Graham Collins has been dairy farming in Kaikoura for the past 44 years and he remembers a few natural disasters, like the severe flood of 1993 and the big wind of 1975 that took away everyone's sheds. "But they were nothing compared to this," he says, pointing out the irrigator behind him, which is busily spreading tens of thousands of gallons of milky effluent onto the fields. Roads have been destroyed by last weeks earthquake and Fronterra milk trucks are unable to access dairy farms and the cows must be milked. Collins is dumping 14,000 litres of milk per day, while 21 neighbouring farmers are in the same predicament.
It is estimated that hundreds of thousands of gallons of milk are being similarly wasted each day. Fronterra is absorbing the cost and an insurance scheme is expected to compensate farmers, though pollution from all that milk is likely. Farmers have also lost grain silos and cowsheds to quake damage. Mark Hilop had to take down his silo and shed while some of his workers have been made homeless by the quake. "It's been a very stressful experience — the actual earthquake and the ramifications that it's had on our business. It's indescribable really, but you just have to get up each morning and face the challenges." Read more on Stuff.
Italy: New Irrigation Method aims to Relieve Drought-Affected Areas
Water scarcity is a growing phenomenon world-wide, while agriculture uses 70% of the world's freshwater, so it makes sense to develop mechanisms to minimise farmers' impacts on precious water resources. Yara International ASA and Pessl Instruments have devised a combination technology which measures turgor pressure in plant leaves and a system which responds and irrigates according to the plant's needs. Turgor pressure is the measurement of pressure from liquid moving against a plant's cell walls. It is imperative to plant health, affecting aspects such as rigidity and fruit production.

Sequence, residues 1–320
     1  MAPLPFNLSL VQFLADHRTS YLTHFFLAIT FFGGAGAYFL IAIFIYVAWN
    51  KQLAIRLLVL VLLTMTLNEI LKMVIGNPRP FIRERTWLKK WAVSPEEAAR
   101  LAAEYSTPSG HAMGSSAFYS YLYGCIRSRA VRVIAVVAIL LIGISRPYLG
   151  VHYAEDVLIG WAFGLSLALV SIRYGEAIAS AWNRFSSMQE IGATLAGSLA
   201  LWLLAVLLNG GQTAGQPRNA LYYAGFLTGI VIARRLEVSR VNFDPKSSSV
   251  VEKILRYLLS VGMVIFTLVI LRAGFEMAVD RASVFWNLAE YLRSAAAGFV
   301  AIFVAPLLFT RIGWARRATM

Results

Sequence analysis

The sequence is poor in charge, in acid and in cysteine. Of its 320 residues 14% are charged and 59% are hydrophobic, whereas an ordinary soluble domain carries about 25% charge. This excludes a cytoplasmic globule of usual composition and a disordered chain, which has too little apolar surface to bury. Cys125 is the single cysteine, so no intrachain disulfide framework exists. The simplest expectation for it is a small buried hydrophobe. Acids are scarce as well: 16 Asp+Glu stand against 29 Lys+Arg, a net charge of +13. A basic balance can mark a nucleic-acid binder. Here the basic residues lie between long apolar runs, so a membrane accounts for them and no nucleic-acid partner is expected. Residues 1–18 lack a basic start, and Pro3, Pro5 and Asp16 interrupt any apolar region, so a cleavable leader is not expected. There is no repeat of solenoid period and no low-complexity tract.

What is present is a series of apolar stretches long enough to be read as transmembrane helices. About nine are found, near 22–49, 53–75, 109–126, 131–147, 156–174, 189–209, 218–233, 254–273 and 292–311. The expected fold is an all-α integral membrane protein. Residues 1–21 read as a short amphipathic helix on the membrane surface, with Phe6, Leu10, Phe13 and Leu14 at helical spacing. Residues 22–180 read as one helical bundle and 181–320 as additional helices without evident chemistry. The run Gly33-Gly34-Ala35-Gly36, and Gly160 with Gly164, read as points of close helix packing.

When plants suffer from drought they lose turgor pressure and wilt. Yara's water sensor measures the turgor-pressure of strategically-chosen trees within a plantation or orchard, and calculates their water needs throughout each day of the season. This information is then sent to the irrigation system which distributes the exact amount of water needed for each part of the plantation. Pal O Stormorken, Head of Application and Crop Management System at Yara said: “Collaborating with Pessl Instruments enables us to offer a solution that increases the profitability and productivity of farming through greater nutrient and water use efficiency.” Read more here.
US: Farmers don't know what to expect from Trump
Farm groups in the USA are uncertain what the Trump presidency will mean for them. Bob Hanson, Montana Farm Bureau Federation president told the Casper Star Tribune: “Everybody is interested in who we will be dealing with. We were completely caught off guard about who won.” Both Trump and Clinton had denounced the Trans Pacific Trade Deal which wheat farmers in Montana would have welcomed for its promise of lowering trade barriers with Asia-Pacific nations. Farmers are also worried about the impact of the Clean Water Act, which was seen as over-reaching in its imposition of controls over small ponds and canals unconnected with larger waterways. Trump said he would repeal the Act. The Republicans will be crafting their first Farm Bill with full control of Presidency, Congress and Senate since 1954. Read more here.